Lately, I’ve been thinking about my own path in conservation. I consider myself a self-proclaimed Monarch conservationist, actively involved in helping to conserve and restore their habitat and well as sustaining the population for close to twenty years.
But, where did my path as a conservationist start? I’ve actually thought a lot about this. Sure, when I was growing up there was a lot of outdoor playtimes. I was a young child in the sixties and early seventies. Historically, this period was the birth of the environmental movement with the EPA being formed in 1970, and Rachel Carson’s famed book Silent Spring being published eight years earlier. But, I don’t think those events influenced me. I was too young.
Building forts in the fields and woods that surrounded our house, playing in the creek while we looked for crayfish and pollywogs while we avoided the ever-present muskrats that peeked out of their holes on the steep bank of the creek, and catching fireflies in jars were all part of my upbringing. Did those activities influence my love for our earth and later urge me to care for it as an adult conservationist? I definitely think so.
Then, there was a dry period during young adulthood. I chose to go to nursing school and subsequently work in the field of pediatrics. This did not indicate disinterest in the natural world, but rather a desire to finish college and be employed. Years passed.
I truly think that my serious interest in the environment started when I became a Master Gardener. In truth, I went to the classes offered by the University Extension office in 2003-2004 to get me out of the house and learn something new. We had a small yard, perennial beds, and a small home fruit orchard of about 20 trees. My father-in-law was a Master Gardener at the time, and his gardens back in New York State were extensive, despite not being pristine. He was knowledgable and enjoyed answering questions regarding his “crops.” My Dad also had extensive gardens but seemed to enjoy yard care more, taking great pride in his flower beds, and a variety of trees. So, I had great role models.
The Master Gardener class gave me a base of information with which to work and hone according to my own interest areas. I had started to raise Monarchs a few years before (2002), after having an awe-inspiring, transformative experience during the fall migration season when 60-100 monarch butterflies flew en masse in front of my mini-van. I was hooked and soon started on a path of self-development that eventually led to my passion for Monarch Conservation!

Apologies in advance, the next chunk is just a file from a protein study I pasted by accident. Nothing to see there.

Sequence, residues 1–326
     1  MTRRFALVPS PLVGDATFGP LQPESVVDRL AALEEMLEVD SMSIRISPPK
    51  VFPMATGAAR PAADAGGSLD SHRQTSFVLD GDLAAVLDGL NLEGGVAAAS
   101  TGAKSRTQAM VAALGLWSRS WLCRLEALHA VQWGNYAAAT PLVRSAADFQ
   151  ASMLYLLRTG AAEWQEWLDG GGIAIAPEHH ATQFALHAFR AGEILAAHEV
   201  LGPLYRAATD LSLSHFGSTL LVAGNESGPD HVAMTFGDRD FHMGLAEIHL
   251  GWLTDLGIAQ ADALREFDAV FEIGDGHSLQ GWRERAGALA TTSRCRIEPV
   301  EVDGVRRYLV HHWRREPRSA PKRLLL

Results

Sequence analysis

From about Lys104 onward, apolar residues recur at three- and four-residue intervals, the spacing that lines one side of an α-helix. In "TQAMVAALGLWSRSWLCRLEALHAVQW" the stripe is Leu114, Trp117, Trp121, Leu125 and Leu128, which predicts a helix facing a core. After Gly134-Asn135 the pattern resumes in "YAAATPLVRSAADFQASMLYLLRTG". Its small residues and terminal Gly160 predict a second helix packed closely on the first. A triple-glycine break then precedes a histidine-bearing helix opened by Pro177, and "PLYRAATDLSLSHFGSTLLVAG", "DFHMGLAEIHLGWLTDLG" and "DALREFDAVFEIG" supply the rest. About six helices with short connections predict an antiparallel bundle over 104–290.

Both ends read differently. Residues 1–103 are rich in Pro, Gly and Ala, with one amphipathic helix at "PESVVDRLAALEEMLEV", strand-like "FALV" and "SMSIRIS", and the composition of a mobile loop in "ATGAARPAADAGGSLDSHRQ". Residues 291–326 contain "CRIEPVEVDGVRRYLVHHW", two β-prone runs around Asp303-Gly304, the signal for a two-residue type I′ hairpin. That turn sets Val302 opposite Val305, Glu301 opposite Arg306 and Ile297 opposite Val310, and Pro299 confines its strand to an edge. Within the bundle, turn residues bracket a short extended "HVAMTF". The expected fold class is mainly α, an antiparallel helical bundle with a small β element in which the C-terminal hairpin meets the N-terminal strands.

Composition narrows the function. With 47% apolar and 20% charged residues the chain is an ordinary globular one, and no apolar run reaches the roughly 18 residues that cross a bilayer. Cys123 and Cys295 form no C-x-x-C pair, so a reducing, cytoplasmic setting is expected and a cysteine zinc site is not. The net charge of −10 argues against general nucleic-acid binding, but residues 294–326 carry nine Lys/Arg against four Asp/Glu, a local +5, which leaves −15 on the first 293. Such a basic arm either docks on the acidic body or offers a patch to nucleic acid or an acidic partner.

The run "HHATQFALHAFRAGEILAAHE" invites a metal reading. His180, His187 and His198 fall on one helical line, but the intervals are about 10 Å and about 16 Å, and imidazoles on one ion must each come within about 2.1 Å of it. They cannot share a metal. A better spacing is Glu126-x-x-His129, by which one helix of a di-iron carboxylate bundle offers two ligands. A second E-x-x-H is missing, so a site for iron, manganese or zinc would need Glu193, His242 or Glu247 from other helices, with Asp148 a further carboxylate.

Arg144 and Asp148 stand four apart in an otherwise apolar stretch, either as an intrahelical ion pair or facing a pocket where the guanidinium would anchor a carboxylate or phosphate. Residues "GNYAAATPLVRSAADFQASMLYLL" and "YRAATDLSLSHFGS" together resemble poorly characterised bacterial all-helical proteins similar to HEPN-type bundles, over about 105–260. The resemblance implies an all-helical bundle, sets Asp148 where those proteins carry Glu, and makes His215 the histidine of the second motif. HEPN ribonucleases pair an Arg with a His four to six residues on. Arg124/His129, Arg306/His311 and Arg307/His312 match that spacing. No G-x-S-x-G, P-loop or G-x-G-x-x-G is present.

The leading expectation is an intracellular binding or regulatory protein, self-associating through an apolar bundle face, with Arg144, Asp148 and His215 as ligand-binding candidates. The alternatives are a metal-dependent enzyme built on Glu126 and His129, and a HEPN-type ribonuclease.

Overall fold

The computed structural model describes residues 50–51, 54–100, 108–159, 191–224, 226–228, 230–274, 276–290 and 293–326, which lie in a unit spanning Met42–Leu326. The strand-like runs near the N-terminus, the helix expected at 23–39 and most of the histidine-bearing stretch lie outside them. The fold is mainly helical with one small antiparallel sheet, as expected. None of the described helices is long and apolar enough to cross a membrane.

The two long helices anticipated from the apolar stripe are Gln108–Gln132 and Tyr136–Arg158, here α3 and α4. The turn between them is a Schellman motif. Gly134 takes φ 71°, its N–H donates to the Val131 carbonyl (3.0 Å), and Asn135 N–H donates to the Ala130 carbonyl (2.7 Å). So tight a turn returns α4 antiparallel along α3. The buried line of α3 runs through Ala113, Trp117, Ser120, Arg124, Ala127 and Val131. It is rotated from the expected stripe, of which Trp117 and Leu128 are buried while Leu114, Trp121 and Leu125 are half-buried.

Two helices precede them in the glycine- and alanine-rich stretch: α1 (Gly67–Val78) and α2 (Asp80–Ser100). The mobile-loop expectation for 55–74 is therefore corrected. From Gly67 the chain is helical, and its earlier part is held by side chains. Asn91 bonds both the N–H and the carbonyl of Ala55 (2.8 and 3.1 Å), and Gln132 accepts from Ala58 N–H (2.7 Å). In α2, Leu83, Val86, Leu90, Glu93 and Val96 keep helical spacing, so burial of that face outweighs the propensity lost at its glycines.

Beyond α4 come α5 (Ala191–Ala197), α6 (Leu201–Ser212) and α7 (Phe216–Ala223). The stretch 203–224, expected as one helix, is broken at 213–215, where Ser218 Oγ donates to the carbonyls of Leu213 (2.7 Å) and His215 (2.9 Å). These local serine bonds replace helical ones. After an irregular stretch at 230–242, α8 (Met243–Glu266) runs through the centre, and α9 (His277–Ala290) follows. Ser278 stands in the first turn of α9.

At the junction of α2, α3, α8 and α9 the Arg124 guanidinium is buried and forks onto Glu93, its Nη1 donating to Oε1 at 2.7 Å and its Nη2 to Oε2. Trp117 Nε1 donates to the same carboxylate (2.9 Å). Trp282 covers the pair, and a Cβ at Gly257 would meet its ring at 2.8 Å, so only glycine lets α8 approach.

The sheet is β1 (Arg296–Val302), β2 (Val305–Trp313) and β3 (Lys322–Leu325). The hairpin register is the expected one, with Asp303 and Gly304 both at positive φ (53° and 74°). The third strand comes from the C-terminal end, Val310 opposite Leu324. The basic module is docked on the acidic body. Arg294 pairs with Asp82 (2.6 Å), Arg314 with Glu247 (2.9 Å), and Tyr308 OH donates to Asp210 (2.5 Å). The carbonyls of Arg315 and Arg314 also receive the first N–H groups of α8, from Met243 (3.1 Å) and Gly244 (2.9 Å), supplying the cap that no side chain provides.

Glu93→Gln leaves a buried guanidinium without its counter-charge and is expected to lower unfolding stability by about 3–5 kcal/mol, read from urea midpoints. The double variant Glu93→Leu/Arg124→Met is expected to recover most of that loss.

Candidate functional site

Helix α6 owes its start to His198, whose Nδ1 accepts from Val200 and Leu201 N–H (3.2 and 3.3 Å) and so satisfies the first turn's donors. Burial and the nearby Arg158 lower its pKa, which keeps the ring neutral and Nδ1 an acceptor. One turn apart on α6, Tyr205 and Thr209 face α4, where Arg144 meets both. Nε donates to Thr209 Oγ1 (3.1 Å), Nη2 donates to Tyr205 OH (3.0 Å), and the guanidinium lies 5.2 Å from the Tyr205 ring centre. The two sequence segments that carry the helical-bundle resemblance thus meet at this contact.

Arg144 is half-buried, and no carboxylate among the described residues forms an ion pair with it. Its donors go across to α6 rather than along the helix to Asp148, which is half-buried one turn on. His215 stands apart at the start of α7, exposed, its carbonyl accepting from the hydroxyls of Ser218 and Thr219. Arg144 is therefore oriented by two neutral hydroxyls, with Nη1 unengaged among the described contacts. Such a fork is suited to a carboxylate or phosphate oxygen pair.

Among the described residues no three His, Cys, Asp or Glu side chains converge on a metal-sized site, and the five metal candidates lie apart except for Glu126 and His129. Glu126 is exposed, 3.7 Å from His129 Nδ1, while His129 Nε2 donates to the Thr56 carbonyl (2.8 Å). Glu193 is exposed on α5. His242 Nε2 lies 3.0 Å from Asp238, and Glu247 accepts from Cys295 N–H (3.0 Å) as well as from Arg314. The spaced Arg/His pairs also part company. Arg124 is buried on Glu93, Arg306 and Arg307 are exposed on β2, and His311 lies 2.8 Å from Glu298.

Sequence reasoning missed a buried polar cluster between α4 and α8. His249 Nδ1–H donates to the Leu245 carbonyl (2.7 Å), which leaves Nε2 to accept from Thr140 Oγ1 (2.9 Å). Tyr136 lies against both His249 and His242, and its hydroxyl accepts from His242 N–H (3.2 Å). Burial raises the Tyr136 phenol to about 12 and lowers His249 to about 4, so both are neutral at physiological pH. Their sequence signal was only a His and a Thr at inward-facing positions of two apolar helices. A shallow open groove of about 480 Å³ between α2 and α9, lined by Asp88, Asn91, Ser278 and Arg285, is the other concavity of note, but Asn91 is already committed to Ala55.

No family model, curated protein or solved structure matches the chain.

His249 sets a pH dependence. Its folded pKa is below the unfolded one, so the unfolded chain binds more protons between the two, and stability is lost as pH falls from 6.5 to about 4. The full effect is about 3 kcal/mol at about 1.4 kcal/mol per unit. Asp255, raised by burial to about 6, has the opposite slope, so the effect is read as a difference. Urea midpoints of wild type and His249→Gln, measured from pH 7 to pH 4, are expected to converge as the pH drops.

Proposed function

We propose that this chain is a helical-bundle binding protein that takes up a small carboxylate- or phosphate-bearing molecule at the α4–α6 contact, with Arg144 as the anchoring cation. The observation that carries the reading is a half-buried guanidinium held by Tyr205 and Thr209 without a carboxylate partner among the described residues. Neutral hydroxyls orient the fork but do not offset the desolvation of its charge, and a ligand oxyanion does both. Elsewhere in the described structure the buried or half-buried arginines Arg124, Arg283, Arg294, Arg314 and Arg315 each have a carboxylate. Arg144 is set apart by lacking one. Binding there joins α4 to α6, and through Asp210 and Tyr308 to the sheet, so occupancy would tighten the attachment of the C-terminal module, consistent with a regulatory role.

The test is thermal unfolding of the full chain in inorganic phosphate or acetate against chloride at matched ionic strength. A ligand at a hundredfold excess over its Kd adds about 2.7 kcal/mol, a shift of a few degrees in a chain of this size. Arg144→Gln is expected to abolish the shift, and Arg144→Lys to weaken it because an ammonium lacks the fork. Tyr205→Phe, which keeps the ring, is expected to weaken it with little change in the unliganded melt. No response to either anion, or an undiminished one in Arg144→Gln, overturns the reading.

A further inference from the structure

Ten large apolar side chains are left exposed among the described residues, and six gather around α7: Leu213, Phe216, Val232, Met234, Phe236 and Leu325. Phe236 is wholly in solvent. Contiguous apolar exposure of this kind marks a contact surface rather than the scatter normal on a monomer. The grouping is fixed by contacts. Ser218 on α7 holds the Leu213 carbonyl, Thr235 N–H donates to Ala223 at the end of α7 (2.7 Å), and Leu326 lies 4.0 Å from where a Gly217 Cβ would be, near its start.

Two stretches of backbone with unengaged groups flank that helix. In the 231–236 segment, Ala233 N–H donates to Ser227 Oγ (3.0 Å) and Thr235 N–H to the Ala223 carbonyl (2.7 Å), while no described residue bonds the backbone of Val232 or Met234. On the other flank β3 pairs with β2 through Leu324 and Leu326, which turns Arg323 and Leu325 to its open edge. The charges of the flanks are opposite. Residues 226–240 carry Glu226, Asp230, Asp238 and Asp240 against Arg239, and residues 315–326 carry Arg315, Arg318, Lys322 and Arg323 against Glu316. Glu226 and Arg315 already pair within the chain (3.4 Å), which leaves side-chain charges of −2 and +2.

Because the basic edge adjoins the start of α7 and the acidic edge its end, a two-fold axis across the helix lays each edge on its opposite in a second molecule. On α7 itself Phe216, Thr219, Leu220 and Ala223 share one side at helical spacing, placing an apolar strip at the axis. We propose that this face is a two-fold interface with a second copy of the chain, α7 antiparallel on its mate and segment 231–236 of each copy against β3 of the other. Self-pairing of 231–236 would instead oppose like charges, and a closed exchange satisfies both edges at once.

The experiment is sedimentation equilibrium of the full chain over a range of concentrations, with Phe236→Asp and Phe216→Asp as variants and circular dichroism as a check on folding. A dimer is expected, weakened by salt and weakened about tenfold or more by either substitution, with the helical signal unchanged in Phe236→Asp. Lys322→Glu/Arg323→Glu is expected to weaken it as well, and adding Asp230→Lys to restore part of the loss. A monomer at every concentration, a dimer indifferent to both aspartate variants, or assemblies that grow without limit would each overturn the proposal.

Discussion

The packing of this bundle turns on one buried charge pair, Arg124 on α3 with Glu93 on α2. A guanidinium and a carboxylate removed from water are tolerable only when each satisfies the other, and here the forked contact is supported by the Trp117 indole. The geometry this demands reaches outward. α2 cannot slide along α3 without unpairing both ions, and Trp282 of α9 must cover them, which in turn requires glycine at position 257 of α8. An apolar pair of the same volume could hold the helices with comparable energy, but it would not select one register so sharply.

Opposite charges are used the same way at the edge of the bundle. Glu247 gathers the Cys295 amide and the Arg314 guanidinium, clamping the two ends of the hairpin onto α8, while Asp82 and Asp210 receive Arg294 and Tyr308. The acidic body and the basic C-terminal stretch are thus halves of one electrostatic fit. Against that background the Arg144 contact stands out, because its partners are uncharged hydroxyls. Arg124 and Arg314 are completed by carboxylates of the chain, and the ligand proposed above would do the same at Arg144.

Subsequently, I learned, and continue to learn, all I can about this species. It fills me up with curiosity, knowledge, and joy. Over the years, I have also developed concern for our earth home. Humans are greedy and selfish, consuming land and resources that are not ours but belong to other species. We have created habitat loss for monarchs and other living creatures that are part of the web of life. Our web of life.
So, last night when I spoke to a group of adults that belonged to a garden club in a town about 40 minutes away, I was grateful for their interest. We talked about monarchs, pollinators, habitat, and climate change. They were a very curious group of gardeners looking for ways to help monarchs and other butterflies. They knew that knowledge is power. I asked them to share what they learned from our discussion with others. They are gardeners, already interested in the plants and organisms that visit their yards.
We are not born being conservationists. We learn to care for the earth through our experiences, the knowledge we seek and gain, as well as contact with other like-minded people. Gardeners and conservationists are not all that different. So, when we seek to spread the word of conservation – gardening groups, events, and conferences might be a great place to start. You never know what interest in one species or one plant can lead to.
I am living proof!
Just some food for thought.
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